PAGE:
Use this URL to cite or link to this record in EThOS: https://ethos.bl.uk/OrderDetails.do?uin=uk.bl.ethos.772912
Title: Students' and teachers' experiences and perceptions of studying in 'Bilim-Innovation' Lyceum-boarding schools in Kazakhstan
Author: Zhussipbek, Talgat
ISNI:       0000 0004 7960 3663
Awarding Body: University of Sheffield
Current Institution: University of Sheffield
Date of Award: 2019
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Abstract:
Since regaining its independence in 1991, the government of Kazakhstan has adopted a number of reforms to the education sector aimed at improving the academic performance of secondary school students. In 1992, Bilim-Innovation Lyceum-boarding schools (BIL) (formerly Kazakh-Turkish Lyceums) were established in a number of cities of the country. Since then, BIL schools have demonstrated remarkable performances. Students have received thousands of prizes in various competitions. There is a prevalent opinion that the primary factor that leads these schools to success is a single-sex environment. However, things are complicated by the fact that school features such as student selectiveness, boarding hall, school climate and scope of teachers' roles may also play a significant role. This research used a qualitative case study strategy to explore students' and teachers' perceptions of studying in BIL schools. The qualitative data were analysed using the method of thematic analysis. The findings of this study indicate that the primary reason why students like studying in BILs and what encourages their academic achievements is the school climate, specifically the relationship among students and strong friendships. The study also demonstrated that teachers' and tutors' roles are considered main factors in students' achievements. The study revealed that a single-sex environment is seen as one of the many school features, rather than the primary one, that contributed to learners' success. My findings also suggested that the student selection process may have a detrimental influence on students. In addition, this study suggests that selective schools may exacerbate social inequality by 'creaming off' the most able students and preventing them from mixing with the wider population. This situation is then likely to cause divisions between those in society educated at selective schools and those not. In other words, a form of class division, which may promote an issue of 'us' and 'them' relationships.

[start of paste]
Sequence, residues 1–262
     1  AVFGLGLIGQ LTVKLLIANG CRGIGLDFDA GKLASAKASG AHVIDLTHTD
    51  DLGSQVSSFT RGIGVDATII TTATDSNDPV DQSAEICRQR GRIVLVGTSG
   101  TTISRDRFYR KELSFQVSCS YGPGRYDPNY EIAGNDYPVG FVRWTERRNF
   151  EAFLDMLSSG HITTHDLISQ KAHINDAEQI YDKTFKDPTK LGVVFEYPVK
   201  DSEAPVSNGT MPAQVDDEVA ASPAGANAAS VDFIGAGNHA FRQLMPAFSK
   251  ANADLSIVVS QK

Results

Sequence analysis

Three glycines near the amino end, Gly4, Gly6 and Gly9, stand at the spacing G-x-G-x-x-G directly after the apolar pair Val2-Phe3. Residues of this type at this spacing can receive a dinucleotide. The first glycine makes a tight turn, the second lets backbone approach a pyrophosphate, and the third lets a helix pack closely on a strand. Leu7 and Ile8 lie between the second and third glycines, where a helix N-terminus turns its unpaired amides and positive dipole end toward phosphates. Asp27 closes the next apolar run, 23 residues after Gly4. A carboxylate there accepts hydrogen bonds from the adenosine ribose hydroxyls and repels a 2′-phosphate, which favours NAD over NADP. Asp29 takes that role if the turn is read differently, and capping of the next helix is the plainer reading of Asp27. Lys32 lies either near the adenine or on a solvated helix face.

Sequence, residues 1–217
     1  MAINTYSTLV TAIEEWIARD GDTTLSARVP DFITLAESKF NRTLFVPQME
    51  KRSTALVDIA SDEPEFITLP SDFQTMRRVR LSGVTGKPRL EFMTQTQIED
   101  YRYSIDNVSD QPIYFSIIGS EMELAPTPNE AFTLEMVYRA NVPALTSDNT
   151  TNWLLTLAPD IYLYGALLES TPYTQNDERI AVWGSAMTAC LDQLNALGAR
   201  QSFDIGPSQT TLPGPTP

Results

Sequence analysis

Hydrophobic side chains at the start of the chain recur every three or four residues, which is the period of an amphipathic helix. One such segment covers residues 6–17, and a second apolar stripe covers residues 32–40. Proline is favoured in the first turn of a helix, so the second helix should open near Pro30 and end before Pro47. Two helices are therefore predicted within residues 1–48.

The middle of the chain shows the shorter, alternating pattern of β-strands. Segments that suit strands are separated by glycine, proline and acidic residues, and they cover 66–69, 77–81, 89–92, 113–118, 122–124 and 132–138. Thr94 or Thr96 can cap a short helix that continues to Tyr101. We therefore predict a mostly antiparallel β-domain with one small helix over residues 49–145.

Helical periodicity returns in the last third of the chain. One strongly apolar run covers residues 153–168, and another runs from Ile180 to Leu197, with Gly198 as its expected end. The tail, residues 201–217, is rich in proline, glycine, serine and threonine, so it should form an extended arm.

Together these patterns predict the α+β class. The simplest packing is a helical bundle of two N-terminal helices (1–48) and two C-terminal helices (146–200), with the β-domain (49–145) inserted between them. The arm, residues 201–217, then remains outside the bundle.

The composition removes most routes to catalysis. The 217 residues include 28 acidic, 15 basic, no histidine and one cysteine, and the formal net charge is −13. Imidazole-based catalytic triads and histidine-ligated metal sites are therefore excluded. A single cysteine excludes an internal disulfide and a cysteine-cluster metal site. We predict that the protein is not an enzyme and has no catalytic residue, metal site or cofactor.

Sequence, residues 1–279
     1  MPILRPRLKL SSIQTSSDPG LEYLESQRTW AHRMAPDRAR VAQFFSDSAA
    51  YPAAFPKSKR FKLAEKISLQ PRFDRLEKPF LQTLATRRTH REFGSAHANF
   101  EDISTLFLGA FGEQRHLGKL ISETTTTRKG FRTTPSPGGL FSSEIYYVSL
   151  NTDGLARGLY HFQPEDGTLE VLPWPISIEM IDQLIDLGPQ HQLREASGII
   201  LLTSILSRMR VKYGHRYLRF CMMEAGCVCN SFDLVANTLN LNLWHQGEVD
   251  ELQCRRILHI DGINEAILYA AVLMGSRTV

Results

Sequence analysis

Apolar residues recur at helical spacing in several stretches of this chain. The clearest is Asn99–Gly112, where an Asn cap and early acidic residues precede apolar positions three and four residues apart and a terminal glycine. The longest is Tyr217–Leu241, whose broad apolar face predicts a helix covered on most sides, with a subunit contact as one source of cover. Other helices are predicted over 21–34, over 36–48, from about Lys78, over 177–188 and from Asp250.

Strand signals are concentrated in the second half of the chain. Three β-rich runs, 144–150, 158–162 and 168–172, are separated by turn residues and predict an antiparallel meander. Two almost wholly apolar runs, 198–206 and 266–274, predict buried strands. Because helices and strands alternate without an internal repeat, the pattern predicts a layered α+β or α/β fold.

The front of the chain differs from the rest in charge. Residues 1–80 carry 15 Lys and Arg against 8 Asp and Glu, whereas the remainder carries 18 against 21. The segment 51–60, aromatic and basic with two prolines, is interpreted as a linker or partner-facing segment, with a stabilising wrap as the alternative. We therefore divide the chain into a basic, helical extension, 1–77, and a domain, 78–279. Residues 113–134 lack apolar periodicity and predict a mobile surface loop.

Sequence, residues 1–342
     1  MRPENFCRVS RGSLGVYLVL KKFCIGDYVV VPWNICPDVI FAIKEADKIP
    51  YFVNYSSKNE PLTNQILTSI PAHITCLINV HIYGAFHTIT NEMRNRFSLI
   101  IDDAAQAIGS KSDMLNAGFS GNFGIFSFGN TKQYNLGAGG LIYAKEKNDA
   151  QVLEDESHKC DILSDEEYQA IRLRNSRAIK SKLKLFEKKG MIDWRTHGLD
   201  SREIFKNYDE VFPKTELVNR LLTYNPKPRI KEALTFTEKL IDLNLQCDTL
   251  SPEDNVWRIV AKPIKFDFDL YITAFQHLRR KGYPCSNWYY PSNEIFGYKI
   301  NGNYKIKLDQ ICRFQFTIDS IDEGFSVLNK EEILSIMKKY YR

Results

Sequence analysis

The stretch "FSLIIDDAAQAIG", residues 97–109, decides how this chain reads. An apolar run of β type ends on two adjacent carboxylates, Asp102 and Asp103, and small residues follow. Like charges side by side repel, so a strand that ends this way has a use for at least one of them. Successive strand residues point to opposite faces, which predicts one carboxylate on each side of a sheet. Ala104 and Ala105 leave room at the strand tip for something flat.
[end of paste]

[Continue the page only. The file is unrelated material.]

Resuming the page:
Supervisor: Sikes, Pat Sponsor: Not available
Qualification Name: Thesis (Ph.D.) Qualification Level: Doctoral
EThOS ID: uk.bl.ethos.772912  DOI: Not available
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